The Future Of Organized Labor
Copyright © by Dan Schneider, 10/22/02

  In my working life I have belonged to 4 unions: 8 years as a member of the UFCW (United Food & Commercial Workers) when I worked at Finast Supermarkets, 3½ years as a Teamster working for Ste. Marie’s Gopher News, 5½ years in CWA (Communications Workers of America) while employed by AT&T, & currently a member of AFSCME (American Federation of State, County, & Municipal Employees) while employed by Hennepin County, Minnesota. I have had many other jobs in non-union environments, & can honestly say that working union is far superior: better pay, better benefits, & more security. But being in a public sector union trumps even private union employment.
  The basic reason is that private sector labor unions are in serious decline. The UFCW is probably in the strongest position of the 3 private sector unions mentioned, but it faces erosion from non-union Big-Box retailers: Wal-Mart, Kmart. Target, Best Buy, Office Depot, Home Depot, etc. The Teamsters face decline from their own long history of corruption. Internal dissension racks the union & non-union carriers slowly gain larger shares of the shipping market. The CWA is in a very perilous position. Decades of security under the AT&T monopoly ill-prepared their leadership for dealing with the modern marketplace. The CWA is always reactive, rather than proactive, in its strategies.
  But, public sector unions are probably as strong as they’ve ever been in this nation’s history. The prime reason, I believe, is that public service is about accomplishing a task, rather than making a buck. This singular focus fits far more naturally in to the mindset of unionism. After all, a union literally is the coming together of many as 1. Too often, in the private sector, where workers are set relentlessly against 1 another, young people are often quick to badmouth their unions. They see ‘the union’ as something separate from themselves, an entity that alone must protect & provide. The truth is, whether private or public sector, that the foundation of any union is ‘you’. Involvement, even if it just being generally aware of the issues & your rights as a worker & citizen, are key to keeping unions strong.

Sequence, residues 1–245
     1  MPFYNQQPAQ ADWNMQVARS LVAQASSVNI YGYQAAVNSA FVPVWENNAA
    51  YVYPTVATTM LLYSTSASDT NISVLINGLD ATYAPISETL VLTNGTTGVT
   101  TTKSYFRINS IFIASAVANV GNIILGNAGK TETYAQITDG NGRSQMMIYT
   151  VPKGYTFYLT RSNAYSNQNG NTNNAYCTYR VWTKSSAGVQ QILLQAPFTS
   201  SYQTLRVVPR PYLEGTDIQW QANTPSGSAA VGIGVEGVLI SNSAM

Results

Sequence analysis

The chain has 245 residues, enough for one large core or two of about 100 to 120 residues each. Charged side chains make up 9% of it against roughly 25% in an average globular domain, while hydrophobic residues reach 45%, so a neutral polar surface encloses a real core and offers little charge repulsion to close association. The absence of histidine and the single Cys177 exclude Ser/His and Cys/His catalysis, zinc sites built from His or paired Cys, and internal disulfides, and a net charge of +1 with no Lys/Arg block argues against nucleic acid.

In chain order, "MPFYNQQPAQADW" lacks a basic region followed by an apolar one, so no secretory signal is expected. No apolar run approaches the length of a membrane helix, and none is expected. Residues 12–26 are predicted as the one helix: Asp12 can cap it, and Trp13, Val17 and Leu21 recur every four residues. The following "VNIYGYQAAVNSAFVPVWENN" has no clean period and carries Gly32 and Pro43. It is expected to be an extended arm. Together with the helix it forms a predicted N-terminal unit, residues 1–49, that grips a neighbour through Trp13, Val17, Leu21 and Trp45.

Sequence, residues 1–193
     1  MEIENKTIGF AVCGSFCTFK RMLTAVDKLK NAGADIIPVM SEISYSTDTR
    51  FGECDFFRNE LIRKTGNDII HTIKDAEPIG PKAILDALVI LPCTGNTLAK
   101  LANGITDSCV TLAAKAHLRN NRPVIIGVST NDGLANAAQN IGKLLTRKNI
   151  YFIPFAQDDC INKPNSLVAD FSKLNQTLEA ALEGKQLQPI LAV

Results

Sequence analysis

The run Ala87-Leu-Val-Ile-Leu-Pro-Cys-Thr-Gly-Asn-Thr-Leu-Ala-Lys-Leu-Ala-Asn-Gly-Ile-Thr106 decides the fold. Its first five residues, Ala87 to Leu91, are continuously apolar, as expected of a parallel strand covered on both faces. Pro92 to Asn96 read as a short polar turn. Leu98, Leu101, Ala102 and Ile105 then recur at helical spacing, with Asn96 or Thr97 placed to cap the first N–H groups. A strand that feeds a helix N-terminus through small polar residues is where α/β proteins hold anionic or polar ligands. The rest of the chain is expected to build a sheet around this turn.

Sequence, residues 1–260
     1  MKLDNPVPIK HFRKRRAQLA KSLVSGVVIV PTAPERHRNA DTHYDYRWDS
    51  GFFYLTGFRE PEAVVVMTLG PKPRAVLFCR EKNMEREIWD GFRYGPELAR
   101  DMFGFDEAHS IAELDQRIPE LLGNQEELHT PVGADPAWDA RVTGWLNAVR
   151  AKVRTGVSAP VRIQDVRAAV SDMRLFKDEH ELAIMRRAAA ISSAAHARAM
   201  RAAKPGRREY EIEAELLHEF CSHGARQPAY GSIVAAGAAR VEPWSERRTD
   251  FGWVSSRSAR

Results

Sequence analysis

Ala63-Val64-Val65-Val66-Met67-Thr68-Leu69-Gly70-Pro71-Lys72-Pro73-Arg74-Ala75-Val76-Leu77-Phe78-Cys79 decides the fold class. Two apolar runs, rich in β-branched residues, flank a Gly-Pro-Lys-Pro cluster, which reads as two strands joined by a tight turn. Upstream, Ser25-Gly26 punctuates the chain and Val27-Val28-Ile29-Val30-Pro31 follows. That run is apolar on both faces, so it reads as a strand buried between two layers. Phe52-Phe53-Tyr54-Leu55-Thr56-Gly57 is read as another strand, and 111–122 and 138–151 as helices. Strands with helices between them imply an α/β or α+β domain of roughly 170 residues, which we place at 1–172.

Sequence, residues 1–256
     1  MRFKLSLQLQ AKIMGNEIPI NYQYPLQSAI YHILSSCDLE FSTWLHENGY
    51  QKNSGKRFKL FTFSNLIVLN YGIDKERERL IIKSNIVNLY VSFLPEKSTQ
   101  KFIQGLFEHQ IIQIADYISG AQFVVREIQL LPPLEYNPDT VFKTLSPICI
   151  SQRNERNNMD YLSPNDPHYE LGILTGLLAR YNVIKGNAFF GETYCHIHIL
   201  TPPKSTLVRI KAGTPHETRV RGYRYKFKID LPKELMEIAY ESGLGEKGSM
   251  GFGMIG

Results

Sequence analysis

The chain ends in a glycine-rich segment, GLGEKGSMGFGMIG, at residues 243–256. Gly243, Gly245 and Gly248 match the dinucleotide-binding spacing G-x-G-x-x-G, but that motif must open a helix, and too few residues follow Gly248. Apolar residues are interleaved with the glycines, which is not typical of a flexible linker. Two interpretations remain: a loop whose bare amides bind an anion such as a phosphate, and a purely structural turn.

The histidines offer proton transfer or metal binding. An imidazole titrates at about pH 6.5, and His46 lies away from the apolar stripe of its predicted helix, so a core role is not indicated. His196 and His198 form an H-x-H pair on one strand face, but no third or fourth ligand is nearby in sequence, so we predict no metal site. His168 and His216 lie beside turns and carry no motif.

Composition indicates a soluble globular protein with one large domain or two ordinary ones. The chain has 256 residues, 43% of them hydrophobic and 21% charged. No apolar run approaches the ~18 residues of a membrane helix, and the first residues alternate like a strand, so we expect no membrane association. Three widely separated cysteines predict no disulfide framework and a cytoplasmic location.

Yes, there are unions with histories of abuse, violence, & corruption: the United Mine Workers, Teamsters, Longshoreman, & Wobblies spring to mind. But most of these abuses, as awful as they were, came in response to, & were never as massive, as the tactics employed against them by corrupt businesses. Even at its post-World War 2 zenith, Big Labor’s power & influence in this country never surpassed about 1/10 that of Big Business. The biggest problem facing all unions is that of Vision & Leadership. Incompetence & small-mindedness are far more deleterious than out & out corruption. Too often unions are merely trying to hold on to meager gains, rather than broadening their philosophy into an increasingly hostile work future- codeword: ‘the Global Economy’.
  To combat complacency, & to keep aware, I urge all unionized workers to do some online research in to the history of Organized Labor- both nationally & globally. Only with knowledge at the ready can the wheel of justice keep turning, & the blade of action stay sharp. I will detail more of the history of Organized Labor in the future, but for now remember that all workers owe Unionism a debt. Don’t think so? Well, you can go work a back-breaking job for 12 hour shifts, 6 days a week, for 50¢ an hour, with no breaks, vacations, grievance process, sick days, retirement plans, medical benefits, nor disability.
  See? So, when next you think about your union, remember the most important part of it is always u.

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